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Why Supplanting the Dollar Would Be Good for America
By Justin Fox Thursday, Apr. 09, 2009
For years we've been hearing that the U.S. dollar's days as the world's dominant currency are numbered. Remember when the yen was going to supplant it? Then came the euro. Next up: the yuan.
Or maybe not. In the past few weeks, another rival to the dollar--created in 1969 but dormant for most of the time since--has made a spectacular re-entry onto the world scene. It goes by the ungainly name of special drawing right (SDR), and it is the currency not of some foreign rival but of the Washington-based and traditionally U.S.-dominated International Monetary Fund (IMF). It isn't even really its own currency, since it derives its value from a "basket" that contains dollars, euros, yen and pounds.
But it sure has become popular. In late March, the head of China's central bank made headlines by arguing that the time had come for the SDR to supplant the dollar as the world's "supersovereign reserve currency." A few days later, a U.N. task force recommended the same thing. Then U.S. Treasury Secretary Tim Geithner endorsed giving SDRs a bigger role. After the dollar fell in currency markets in reaction, Geithner backpedaled. But at the G-20 meeting in London, President Barack Obama joined the assembled heads of state in agreeing to a nearly tenfold, $250 billion increase in the amount of SDRs available to be lent out.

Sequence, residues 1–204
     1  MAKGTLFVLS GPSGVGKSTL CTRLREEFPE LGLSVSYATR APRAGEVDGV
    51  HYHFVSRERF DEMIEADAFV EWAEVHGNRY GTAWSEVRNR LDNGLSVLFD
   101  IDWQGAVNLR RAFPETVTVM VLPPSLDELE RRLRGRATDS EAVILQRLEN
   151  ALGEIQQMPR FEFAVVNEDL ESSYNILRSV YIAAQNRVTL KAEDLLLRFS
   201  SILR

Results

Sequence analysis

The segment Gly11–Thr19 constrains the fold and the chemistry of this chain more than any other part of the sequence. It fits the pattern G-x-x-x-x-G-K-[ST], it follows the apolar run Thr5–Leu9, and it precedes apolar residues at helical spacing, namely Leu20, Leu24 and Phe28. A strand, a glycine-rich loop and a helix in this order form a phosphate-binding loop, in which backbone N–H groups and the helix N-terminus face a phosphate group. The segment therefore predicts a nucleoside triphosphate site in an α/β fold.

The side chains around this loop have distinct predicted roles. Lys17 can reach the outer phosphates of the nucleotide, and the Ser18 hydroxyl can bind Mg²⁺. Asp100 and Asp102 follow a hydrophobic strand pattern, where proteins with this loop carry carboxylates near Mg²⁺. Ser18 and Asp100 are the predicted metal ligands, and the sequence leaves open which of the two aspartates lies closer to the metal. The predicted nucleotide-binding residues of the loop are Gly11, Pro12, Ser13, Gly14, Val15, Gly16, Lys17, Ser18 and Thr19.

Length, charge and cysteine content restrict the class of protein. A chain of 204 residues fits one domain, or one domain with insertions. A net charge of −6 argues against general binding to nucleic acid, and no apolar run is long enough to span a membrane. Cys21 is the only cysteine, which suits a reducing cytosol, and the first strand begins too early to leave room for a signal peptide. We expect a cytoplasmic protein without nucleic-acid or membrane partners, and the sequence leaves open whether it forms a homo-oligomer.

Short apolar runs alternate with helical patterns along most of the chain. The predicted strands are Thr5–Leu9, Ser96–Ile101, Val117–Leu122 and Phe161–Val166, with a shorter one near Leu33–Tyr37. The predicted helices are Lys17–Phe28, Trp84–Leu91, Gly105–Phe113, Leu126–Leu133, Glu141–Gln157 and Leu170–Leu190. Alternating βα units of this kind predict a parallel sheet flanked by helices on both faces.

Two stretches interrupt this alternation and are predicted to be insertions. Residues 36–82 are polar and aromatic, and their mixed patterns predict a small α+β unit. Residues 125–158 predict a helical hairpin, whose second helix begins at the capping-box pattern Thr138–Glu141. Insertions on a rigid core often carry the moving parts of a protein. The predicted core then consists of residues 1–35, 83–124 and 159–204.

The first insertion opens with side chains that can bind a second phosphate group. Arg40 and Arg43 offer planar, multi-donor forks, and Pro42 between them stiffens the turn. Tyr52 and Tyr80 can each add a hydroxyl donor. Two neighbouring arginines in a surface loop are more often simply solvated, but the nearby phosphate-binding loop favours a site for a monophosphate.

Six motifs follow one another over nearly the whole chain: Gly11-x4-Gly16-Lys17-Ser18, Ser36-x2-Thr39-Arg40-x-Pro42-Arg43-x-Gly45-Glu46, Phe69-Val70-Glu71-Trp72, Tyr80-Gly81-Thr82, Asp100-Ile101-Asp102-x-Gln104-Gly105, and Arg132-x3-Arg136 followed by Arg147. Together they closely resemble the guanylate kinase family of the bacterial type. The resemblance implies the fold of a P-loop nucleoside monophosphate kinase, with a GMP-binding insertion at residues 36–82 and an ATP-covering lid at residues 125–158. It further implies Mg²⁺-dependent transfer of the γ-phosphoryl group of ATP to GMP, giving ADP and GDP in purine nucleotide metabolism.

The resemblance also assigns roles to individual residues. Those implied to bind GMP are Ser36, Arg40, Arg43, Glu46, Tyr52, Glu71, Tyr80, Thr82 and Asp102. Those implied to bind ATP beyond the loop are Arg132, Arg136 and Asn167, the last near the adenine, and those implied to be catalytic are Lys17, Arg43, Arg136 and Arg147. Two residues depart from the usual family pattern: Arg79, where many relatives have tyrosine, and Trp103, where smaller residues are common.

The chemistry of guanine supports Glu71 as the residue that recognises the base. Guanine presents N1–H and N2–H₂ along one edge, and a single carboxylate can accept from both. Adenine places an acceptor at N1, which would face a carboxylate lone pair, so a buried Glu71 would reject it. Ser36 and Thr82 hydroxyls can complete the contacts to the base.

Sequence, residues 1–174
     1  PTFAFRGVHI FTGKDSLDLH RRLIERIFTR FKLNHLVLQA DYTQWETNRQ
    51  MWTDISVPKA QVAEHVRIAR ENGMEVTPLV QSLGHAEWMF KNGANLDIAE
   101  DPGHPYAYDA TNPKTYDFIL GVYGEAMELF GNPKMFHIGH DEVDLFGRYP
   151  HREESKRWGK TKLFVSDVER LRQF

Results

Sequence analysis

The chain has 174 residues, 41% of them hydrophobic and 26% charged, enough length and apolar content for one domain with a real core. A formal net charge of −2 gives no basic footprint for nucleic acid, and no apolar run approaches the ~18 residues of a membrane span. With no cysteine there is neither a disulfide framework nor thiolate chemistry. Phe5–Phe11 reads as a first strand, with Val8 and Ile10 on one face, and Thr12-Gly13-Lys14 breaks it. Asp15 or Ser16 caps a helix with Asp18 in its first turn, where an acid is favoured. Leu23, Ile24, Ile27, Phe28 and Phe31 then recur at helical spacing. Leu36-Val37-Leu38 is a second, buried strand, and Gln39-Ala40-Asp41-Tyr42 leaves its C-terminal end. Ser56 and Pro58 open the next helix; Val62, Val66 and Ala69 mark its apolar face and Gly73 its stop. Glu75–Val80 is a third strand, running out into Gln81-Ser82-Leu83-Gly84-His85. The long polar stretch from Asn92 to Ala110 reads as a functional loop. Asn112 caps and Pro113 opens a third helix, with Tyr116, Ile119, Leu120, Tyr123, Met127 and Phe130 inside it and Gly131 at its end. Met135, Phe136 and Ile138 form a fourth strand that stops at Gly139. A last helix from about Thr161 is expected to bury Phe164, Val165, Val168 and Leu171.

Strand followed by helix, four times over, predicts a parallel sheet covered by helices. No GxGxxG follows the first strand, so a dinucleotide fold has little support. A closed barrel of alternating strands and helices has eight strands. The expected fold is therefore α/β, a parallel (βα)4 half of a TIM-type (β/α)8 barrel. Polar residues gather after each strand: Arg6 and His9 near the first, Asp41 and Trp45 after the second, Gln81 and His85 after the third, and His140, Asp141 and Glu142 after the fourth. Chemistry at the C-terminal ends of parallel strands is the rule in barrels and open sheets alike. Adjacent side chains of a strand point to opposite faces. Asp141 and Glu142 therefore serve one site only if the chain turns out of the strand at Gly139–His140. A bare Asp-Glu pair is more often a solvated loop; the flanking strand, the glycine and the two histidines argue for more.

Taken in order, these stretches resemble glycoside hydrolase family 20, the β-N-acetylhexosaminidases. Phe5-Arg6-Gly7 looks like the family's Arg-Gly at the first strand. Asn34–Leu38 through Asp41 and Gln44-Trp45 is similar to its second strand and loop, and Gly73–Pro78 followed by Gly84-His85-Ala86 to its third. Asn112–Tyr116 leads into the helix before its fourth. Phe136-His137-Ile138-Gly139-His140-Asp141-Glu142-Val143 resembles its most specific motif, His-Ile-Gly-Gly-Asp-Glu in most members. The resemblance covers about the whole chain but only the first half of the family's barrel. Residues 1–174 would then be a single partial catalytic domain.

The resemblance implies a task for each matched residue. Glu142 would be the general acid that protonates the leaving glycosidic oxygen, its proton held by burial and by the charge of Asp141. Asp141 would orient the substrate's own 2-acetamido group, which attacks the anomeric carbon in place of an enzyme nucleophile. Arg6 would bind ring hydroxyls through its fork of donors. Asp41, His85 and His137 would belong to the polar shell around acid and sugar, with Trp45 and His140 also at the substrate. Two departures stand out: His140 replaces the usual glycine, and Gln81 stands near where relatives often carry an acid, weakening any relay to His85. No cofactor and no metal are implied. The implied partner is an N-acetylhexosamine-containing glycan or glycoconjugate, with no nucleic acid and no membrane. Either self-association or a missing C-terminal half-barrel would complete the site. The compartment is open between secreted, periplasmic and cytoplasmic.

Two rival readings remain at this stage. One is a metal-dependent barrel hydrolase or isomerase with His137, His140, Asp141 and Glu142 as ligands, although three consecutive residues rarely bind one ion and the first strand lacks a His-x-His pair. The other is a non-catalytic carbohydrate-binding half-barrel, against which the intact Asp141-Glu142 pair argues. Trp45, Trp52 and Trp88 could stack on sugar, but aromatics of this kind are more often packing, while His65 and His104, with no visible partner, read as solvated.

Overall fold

SDRs were created to supplement the Bretton Woods currency regime, which was built around a dollar linked to gold. After President Richard Nixon decoupled the dollar from gold in 1971 and allowed it to float freely in currency markets, the subsequent dollar crash led to talk of establishing the SDR as global reserve currency. That faded when the high interest rates set by Federal Reserve Chairman Paul Volcker to throttle inflation lured foreigners back to the dollar in the early 1980s.
Since then, we've had an international monetary system in which the dollar is the main store of value. When countries want to protect themselves from the vagaries of global financial markets, they stockpile dollars the way nations in previous eras hoarded gold. This stockpiling has enabled the U.S. government to borrow almost without limit in global markets and until recently allowed American consumers to do the same.
Over the short term, this can seem like a positive; we can get away with running a federal deficit that could hit $2 trillion this year only because of the dollar's status as global reserve currency. But borrowing trillions isn't really a ticket to long-run prosperity. In fact, the current economic crisis may have been spawned by huge imbalances in global trade and capital flows that are in part the product of the dollar's special status. Global demand for dollars supplanted demand for U.S. products and services, argues Columbia University economist and longtime SDR fan Joseph Stiglitz, resulting in trade deficits, the decline of U.S. manufacturing--and years of supereasy mortgage credit.